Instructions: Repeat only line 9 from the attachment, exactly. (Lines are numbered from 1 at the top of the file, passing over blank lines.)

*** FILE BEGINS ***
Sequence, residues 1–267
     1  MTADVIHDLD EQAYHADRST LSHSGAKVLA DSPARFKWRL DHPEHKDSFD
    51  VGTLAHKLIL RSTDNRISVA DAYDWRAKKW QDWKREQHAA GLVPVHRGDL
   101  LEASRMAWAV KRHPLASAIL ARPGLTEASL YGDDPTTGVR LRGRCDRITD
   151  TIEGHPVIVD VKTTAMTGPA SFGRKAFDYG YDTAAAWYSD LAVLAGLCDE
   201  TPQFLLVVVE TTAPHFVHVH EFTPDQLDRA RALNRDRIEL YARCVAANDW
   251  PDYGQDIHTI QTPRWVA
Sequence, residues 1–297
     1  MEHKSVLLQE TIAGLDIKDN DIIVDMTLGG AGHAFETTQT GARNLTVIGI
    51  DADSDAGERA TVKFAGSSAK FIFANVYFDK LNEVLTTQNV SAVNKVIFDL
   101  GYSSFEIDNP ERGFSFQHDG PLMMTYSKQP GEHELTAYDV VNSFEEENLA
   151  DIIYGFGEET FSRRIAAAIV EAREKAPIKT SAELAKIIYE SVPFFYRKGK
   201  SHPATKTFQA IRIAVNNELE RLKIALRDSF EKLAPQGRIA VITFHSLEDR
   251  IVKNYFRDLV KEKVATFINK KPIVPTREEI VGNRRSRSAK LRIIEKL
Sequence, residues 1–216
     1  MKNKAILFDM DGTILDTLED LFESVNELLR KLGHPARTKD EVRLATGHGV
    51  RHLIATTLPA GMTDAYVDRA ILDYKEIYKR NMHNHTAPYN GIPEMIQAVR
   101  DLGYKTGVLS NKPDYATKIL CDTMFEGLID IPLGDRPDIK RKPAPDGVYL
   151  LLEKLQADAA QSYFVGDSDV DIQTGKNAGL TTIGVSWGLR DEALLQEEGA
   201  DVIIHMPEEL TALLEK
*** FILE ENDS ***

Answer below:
     1  MEHKSVLLQE TIAGLDIKDN DIIVDMTLGG AGHAFETTQT GARNLTVIGI